A unit formerly used by chemists to express the concentration of a solution. A 1-demal solution contains 1 gram-equivalent of solute in 1 cubic decimeter of solvent at 0° C. Symbol D. The unit was proposed in 1924 by Parker and Parker.¹
Note that the only difference between expressing concentration in demals and as normality, a much more common measure, is that for normality the volume of solvent is measured in liters. The sole reason for the existence of the demal was the uncertainty introduced by the divergence in the sizes of the liter and the cubic deciimeter. People assumed the liter was a cubic decimeter, but after 1901 it was not. In 1901 the Third CGPM declared
1. The unit of volume, for high accuracy determinations, is the volume occupied by a mass of 1 kilogram of pure water, at its maximum density and at standard atmospheric pressure; this volume is called “liter.”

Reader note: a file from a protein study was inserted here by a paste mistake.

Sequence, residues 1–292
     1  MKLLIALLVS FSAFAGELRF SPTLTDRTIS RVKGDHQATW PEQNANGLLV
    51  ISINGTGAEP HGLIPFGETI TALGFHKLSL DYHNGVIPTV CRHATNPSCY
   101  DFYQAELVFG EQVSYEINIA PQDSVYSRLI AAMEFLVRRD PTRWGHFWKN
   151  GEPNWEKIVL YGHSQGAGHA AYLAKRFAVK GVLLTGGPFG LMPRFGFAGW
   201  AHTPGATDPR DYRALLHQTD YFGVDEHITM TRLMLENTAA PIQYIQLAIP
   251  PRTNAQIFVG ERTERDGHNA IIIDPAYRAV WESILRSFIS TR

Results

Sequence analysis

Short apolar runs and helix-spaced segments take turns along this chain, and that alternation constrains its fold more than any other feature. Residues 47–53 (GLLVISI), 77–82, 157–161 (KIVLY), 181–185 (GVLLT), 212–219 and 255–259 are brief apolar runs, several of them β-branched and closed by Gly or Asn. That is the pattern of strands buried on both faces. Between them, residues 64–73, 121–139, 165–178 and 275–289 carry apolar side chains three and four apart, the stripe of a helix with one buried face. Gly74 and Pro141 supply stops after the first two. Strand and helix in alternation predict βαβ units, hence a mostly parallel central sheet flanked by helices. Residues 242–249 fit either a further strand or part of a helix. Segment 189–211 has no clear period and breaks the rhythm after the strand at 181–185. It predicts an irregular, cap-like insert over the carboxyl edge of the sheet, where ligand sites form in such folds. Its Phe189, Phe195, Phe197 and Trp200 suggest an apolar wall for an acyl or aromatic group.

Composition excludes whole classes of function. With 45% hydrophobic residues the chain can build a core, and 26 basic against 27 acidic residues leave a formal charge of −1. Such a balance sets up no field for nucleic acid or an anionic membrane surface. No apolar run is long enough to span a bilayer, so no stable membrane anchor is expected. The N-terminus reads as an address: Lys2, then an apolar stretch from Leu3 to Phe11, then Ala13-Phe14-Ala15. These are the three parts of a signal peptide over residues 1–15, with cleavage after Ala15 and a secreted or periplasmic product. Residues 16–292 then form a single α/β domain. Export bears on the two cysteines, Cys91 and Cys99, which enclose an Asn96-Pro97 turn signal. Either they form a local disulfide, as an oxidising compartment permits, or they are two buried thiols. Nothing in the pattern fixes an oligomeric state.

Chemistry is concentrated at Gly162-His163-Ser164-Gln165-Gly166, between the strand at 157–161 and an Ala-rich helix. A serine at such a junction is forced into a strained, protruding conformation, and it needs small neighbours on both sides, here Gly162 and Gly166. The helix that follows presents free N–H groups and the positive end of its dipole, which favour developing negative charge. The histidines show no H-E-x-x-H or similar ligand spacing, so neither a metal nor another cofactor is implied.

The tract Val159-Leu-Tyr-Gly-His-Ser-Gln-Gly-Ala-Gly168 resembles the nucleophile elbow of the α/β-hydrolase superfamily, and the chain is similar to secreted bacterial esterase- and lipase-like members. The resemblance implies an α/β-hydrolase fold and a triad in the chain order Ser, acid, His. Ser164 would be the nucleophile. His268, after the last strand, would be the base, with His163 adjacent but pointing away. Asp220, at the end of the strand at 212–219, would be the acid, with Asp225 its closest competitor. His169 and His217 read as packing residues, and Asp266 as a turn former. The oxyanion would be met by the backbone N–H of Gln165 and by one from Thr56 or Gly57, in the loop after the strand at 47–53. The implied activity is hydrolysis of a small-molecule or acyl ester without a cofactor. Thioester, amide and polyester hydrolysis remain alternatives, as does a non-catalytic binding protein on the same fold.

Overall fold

Comptes rendus des séances de la Conférence Générale des Poids et Mesures, page 38.
Thus the liter was actually based on the International Prototype of the Kilogram. The cubic decimeter, of course, was not. As measurements became more precise it became clear that the liter, as so defined, was bigger than a cubic decimeter, actually, 1.000 028 cubic decimeters. In 1964 Resolution 6 of the 12th CGPM reestablished “liter” as simply a special name for the cubic decimeter, and the need for the demal vanished.
Judging by Google's n-gram viewer, the demal was mainly used between 1930 and 1950.
1. Henry C. Parker and Elizabeth W. Parker.
The calibration of cells for conductance measurements.
III. Absolute measurements on the specific conductance of certain potassium chloride solutions.
Journal of the American Chemical Society, vol 46, no. 2, pages 312-335 (February 1924).
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Last revised: 24 April 2014.